With the enforcement of SameSite settings in the latest versions of Google Chrome, it's become a mad scramble to get cookies working across first-party and third-party contexts. I've covered this phenomenon before in my SameSite article, as well as in my guide for setting up cookieless tracking for iframes. Recently, Google Analytics updated its libraries (App+Web, gtag.js, and analytics.js) with a new setting: cookieFlags (analytics.js) or cookie_flags (App+Web and gtag.js).
In Google Analytics: App + Web, you collect events. One event differs from another event by the name it uses. An event with the name page_view is different from, say, an event with the name file_download. This is all run-of-the-mill stuff. You know this. However, the fundamental change that App + Web introduces, when compared to Universal Analytics, is how event parameters are collected and processed. This gets more complicated than it should be.
I've thoroughly enjoyed writing short (and sometimes a bit longer) bite-sized tips for my #GTMTips topic. With the advent of Google Analytics: App + Web and particularly the opportunity to access raw data through BigQuery, I thought it was a good time to get started on a new tip topic: #BigQueryTips. For Universal Analytics, getting access to the BigQuery export with Google Analytics 360 has been one of the major selling points for the expensive platform.
Here's yet another article inspired by the fairly recent release of Google Analytics: App + Web properties. This new property type surfaces Firebase's analytics capabilities for websites as well, when before they were restricted to mobile apps only (see my guides for iOS and Android). Even though the feature set of Google Analytics for Firebase is still somewhat bare in the user interface, here's a perk which might push you over the edge and give the new measurement model a shot.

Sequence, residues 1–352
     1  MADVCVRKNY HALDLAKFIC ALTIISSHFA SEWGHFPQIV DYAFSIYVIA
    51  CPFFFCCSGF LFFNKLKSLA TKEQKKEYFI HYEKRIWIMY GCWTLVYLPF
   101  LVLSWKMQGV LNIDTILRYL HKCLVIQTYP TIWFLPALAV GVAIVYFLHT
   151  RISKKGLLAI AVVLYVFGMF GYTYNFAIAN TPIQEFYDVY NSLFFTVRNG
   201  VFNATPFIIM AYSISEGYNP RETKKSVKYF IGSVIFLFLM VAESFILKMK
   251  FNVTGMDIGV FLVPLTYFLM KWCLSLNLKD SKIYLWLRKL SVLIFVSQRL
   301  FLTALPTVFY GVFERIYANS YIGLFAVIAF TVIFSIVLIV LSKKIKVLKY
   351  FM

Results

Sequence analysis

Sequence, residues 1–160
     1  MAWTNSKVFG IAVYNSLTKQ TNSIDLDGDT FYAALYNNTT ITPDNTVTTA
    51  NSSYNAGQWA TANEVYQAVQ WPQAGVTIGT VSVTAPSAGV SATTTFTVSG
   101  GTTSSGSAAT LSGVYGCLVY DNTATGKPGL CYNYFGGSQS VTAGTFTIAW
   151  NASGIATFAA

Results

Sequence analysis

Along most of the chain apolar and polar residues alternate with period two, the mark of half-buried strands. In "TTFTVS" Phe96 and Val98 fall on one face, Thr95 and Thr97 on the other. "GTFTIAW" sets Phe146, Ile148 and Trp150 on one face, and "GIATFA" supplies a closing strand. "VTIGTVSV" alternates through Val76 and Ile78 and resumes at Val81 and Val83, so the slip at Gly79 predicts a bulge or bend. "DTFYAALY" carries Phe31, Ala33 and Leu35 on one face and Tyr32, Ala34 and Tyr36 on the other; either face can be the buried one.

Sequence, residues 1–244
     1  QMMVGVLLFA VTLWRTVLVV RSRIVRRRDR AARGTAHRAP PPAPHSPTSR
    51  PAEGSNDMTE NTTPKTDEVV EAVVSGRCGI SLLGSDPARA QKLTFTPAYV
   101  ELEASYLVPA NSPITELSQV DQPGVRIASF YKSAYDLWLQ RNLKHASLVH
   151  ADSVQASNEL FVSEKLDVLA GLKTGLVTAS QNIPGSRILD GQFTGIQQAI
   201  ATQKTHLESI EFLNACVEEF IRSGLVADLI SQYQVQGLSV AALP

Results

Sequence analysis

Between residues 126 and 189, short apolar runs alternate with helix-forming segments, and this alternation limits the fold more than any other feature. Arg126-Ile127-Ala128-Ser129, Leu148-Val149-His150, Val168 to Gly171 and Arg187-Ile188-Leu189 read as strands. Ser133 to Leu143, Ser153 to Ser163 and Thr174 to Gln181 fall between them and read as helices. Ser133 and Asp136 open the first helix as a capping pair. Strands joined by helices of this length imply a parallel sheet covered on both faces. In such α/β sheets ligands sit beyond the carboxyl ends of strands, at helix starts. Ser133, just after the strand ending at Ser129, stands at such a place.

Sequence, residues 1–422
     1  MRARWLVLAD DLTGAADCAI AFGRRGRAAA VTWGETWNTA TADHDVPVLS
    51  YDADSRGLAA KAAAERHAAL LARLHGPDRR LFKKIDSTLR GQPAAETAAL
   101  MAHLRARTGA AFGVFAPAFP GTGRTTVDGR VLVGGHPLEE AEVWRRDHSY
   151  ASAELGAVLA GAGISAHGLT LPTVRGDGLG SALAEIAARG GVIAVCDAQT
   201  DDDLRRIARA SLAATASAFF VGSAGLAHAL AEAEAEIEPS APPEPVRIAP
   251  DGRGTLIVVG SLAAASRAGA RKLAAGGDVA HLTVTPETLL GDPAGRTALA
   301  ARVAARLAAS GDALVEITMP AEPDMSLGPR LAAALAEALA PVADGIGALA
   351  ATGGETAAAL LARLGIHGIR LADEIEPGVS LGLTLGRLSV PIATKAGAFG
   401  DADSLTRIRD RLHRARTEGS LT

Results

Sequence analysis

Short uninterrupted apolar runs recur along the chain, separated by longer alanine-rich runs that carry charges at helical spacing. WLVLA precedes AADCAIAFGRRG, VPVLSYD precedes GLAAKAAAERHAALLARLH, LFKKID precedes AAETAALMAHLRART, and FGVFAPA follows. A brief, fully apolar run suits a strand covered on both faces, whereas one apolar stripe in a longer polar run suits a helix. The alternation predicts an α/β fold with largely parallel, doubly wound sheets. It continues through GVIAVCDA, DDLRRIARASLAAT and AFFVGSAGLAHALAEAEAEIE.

A while ago, I published an article on how to build an Android application, and bundle it with Firebase. The purpose of that article, and the one you are reading now, is to slowly introduce the world of mobile app development and Firebase, given the latter is getting more and more traction as Google's go-to analytics platform. After finishing work on the Android guide, I immediately started working on its counterpart for iOS, and that's the one you're reading now.
With the release of Google Analytics: App + Web, Firebase is suddenly all the rage. The new App + Web property can combine data from your website and mobile apps, as long as the latter uses Google Analytics for Firebase, formerly known as Firebase Analytics. In this guide, I'll walk you through the steps of creating an extremely simple Android application, and we'll then create a Firebase project, and for good measure add Google Tag Manager to the mix.
Google recently released a new version of Google Analytics called App + Web. Clumsy name aside, this really is for all intents and purposes Google Analytics V2 or Firebase Analytics for the Web. We're not talking about a charming way to do roll-up reporting between Google Analytics for Firebase and Universal Analytics, nor are we talking about an enhancement to Universal Analytics. No, we're talking about a new measurement model for web traffic, which has the convenience of being compatible with Google Analytics for Firebase, which you might already have running in your apps.